Moshe Yaish al-Nahari, who was murdered last month, had considered leaving Yemen, The Forward reports. But just how much influence the Satmar Hasidim, who control the remaining Jews of Yemen, have had in persuading him (and others) to stay, remains a mystery:
"Their decision to stay is one entangled in Jewish politics. The remaining population has been supported, in part, by the Satmar Hasidim, a group known for both its insularity and its anti-Zionism. Others who have been involved with the Yemeni community have accused the Satmars of using their influence with the Yemeni Jews to convince them not to move to Israel.
“They’re under the control of Satmar, who don’t want the Jews to move out of Yemen,” (professor Hayim) Tawil said. “The Satmar like to keep alive this fermented 200 Jews there in order for them to have a place under the sun.”
"Satmar leaders, in turn, say they are simply concerned for the Yemeni community’s safety, and that they have no objections if the local Jews want to leave.
“Satmar has no problem if they want to go to Israel,” said Rabbi David Niederman, who heads the United Jewish Organizations of Williamsburg, a Satmar advocacy organization in Brooklyn. But, Niederman added, so long as the Jews remain in Yemen, it is the Yemeni government’s responsibility to protect them.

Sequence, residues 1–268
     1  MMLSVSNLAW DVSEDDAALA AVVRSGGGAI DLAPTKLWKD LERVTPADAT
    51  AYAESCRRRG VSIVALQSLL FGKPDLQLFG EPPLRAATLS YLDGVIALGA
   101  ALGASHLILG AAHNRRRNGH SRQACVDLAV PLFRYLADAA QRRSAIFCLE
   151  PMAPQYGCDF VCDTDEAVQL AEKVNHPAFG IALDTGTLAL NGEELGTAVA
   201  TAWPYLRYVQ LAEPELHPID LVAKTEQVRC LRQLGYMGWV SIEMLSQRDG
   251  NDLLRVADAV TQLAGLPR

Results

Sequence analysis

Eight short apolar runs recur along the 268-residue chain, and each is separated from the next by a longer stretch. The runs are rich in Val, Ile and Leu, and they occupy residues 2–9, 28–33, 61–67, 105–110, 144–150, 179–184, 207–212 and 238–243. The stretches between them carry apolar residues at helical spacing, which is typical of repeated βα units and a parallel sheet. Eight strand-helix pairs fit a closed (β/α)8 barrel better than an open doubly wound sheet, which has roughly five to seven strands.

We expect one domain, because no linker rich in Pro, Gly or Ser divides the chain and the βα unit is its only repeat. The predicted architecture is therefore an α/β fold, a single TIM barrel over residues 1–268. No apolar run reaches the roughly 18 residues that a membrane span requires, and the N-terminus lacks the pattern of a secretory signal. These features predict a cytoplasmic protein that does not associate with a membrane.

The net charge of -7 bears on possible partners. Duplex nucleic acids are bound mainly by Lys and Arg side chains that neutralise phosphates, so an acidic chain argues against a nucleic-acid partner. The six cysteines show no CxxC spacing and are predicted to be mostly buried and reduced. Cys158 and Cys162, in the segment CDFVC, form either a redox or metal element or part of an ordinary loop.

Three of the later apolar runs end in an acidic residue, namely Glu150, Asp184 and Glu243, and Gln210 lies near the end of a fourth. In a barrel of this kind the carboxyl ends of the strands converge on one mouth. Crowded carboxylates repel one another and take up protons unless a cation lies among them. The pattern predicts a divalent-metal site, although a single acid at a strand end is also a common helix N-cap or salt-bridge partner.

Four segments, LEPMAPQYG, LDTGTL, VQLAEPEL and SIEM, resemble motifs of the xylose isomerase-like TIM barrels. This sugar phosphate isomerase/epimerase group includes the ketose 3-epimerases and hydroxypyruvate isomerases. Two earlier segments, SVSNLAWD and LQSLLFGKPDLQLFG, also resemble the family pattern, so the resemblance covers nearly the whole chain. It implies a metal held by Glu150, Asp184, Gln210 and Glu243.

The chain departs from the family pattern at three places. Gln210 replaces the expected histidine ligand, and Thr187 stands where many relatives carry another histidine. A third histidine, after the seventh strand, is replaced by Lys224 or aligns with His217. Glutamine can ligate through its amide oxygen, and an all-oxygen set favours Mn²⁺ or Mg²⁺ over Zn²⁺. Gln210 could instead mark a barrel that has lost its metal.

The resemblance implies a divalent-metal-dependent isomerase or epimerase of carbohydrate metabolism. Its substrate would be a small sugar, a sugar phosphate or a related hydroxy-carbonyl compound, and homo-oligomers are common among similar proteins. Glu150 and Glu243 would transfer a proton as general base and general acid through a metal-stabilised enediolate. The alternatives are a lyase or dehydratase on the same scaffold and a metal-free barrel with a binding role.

"Some members of the community in Yemen have complained that they do not feel safe.
“Over the past months, we have been suffering from repeated assaults and threats, and we have been reporting to the official bodies and tribal chiefs, but without success,” Nahari’s brother, Yahya Bin Yaish, told the Gulf News.
Nahari had left Yemen to study in the United States, in Satmar schools, and then returned. But acquaintances say that he had considered leaving Yemen permanently. Yossi Shraga, a former Jewish Agency official who has worked with the Jews of Yemen, said that Nahari told him a year ago that he was considering a move to Israel. But instead, Nahari remained in Raida, where he was a central figure in the Jewish community.
“He wanted to stay there to help the community,” said Zerab Dehari, a Yemeni friend of Nahari’s who now lives in New Jersey. “He did a lot with the community. He tried to help out with money. He tried asking people to help him out. The kinderlach [children] want to learn, so they sit with him and they learn with him.”
Nahari taught in a Satmar-run school, led prayer services and served as a kosher slaughterer, in addition to serving as a general go-to leader for Jews in need of help.
“He was a very good leader,” said another acquaintance of Nahari’s, who asked not to be named. “If there was a problem, he always had a solution.”